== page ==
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Exceptional blackwood growth and form (30 cm dbh in 13 years).

In one paddock the trees have good uniform growth and form but a serious wattle grub attack followed by the inevitable cockatoo assault a few years ago has left at least 80% of the trees worthless. The owner now needs to assess what can be salvaged from this paddock. The cause of the wattle grub attack is unknown. Wattle grub is relatively rare in the other blackwood plantings. The trees look healthy and are growing well. Anecdotal evidence suggests that wattle grubs attack when trees are stressed or are getting old. So was it genetics or soils? Or was it just natural random chance?

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A vast expanse of wattle grub affected blackwood, otherwise it looks pretty good.

On the ridge-top locations growth and form varies from ok to poor. Blackwoods hate growing in exposed windy positions where height and diameter growth and stem form become compromised. Robertson is on a high exposed plateau subject to strong winds. The property has some useful windbreaks but some of the high blackwood plantings are fully exposed the winds. Shelterbelts are needed to help improve the growth and form of these blackwood.

Despite the soils being derived from red basalt there are very obviously major soil issues for the blackwoods. This may be due to Ph, nutritional or soil structural issues or a combination of these. The owner is now organising soil testing across a range of sites both good and bad to see if the soil issues can be identified.

Records of the blackwood plantings are also in need to better management. Are the differences in blackwood performance due in part to genetics (seed source)?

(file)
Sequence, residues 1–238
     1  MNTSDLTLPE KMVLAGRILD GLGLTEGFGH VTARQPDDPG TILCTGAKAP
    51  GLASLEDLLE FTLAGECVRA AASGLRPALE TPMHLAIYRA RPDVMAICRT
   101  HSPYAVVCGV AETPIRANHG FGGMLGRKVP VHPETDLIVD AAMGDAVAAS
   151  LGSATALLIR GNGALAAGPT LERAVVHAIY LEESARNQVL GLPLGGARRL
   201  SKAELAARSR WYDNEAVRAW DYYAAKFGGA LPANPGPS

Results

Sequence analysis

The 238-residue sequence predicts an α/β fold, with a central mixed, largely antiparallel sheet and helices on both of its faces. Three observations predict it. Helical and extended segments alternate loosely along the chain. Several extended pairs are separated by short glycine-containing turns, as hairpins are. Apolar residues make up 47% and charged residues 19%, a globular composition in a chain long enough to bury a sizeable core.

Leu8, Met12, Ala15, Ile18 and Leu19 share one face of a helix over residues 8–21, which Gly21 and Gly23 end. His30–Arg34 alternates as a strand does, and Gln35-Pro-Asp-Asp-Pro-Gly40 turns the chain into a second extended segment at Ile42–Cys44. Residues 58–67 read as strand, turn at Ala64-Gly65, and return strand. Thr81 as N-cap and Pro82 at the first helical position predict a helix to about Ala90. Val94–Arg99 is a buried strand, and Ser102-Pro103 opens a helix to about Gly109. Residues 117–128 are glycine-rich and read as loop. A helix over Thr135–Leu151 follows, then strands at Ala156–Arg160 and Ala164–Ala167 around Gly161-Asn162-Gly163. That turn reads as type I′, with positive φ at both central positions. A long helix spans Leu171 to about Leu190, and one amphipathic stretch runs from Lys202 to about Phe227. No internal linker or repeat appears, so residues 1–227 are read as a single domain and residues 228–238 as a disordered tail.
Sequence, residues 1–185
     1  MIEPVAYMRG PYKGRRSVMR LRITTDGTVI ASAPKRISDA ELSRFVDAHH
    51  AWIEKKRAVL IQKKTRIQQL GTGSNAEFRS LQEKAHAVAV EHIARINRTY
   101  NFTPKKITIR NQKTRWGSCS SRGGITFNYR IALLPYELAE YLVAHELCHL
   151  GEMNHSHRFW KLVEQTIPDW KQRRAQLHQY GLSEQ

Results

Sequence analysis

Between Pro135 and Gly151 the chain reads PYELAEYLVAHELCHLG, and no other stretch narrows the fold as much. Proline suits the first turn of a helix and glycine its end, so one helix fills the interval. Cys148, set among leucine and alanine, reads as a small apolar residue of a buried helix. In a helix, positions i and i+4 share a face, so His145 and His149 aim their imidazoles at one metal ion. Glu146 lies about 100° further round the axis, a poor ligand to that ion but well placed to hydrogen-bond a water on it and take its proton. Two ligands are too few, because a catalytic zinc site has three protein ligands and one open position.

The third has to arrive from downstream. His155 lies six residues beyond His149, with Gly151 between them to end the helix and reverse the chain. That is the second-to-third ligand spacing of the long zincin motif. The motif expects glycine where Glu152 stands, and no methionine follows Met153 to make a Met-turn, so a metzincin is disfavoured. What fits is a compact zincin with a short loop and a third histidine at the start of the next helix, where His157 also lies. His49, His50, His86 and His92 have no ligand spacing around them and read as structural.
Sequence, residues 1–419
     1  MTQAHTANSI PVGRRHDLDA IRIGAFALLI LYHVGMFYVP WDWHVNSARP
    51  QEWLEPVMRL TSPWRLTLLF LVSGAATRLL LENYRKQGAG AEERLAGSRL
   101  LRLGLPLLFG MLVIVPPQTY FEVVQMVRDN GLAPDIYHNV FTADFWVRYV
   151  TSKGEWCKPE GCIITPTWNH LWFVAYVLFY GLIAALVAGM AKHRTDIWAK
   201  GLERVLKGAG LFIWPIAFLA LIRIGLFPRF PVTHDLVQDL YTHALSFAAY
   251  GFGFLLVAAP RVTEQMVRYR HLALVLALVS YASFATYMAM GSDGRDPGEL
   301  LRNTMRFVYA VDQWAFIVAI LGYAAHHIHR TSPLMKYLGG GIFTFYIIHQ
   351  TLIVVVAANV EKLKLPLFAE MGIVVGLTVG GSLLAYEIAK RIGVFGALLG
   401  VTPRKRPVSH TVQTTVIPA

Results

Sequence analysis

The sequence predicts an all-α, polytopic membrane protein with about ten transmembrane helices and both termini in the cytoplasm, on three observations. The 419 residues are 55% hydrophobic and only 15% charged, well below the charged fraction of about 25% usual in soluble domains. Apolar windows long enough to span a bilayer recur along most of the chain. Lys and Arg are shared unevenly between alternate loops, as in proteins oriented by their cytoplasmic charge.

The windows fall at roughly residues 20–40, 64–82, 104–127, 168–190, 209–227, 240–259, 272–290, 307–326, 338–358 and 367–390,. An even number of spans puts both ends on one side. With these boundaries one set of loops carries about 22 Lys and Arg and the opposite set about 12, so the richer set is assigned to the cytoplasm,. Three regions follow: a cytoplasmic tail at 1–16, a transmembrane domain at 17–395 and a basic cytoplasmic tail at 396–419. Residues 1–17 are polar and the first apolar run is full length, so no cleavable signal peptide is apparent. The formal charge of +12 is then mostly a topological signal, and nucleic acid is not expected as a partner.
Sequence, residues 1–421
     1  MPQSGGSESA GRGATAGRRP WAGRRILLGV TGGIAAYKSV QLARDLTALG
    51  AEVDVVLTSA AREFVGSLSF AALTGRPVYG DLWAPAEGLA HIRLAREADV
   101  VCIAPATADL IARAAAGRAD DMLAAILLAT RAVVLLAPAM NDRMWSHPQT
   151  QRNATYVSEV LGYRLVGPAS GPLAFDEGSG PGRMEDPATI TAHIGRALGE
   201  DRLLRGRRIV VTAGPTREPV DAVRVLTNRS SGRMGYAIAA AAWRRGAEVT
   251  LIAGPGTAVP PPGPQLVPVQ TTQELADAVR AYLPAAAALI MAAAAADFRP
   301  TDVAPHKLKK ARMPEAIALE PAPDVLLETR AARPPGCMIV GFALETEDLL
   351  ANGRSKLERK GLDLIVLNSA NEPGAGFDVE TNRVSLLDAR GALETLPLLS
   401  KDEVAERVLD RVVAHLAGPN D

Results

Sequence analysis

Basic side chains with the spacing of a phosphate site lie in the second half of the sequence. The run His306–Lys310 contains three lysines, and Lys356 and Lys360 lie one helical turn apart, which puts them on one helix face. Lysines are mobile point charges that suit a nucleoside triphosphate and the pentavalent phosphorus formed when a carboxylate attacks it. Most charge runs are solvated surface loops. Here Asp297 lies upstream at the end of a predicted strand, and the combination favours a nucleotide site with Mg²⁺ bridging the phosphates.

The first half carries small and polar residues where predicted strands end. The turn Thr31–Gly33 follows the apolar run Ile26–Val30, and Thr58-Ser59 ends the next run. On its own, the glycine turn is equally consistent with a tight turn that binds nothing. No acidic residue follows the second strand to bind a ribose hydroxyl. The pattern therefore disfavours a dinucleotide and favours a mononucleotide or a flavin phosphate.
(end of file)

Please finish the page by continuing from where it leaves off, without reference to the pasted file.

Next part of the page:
Alternative Species

The owner has established a small arboretum where a range of local and other native tree species are being tested. Stand out performers for me were coachwood (Ceratopetalum apetalum), northern sassafras (Doryphora sassafras), silky oak (Grevillea robusta), red cedar (Toona ciliata), hoop (Araucaria cunninghamii) and Wollemi pines (Wollemia nobilis).

I’ve only ever seen coachwood and northern sassafras in native forest situations where they can be very impressive trees and certainly have a reputation for producing premium timber. So to see them planted in the open and growing very well was encouraging. These two species would be well worth considering on a small, specialised farm forestry basis. Silky oak, Red cedar and Hoop pine are more commonly seen in parks and gardens where their issues and potential are more commonly appreciated. Again at Robertson good growth can obviously be achieved given the right sites and treatment, when grown on a small scale.

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10 year-old planted Coachwood. Not bad at all!

And finally Wollemi pine at 4 metres in 4 years shows that even this unique tree has potential for producing softwood of equivalent quality to Hoop pine, but with much easier pruning.

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Wollemi Pine – 4 metres in 4 years!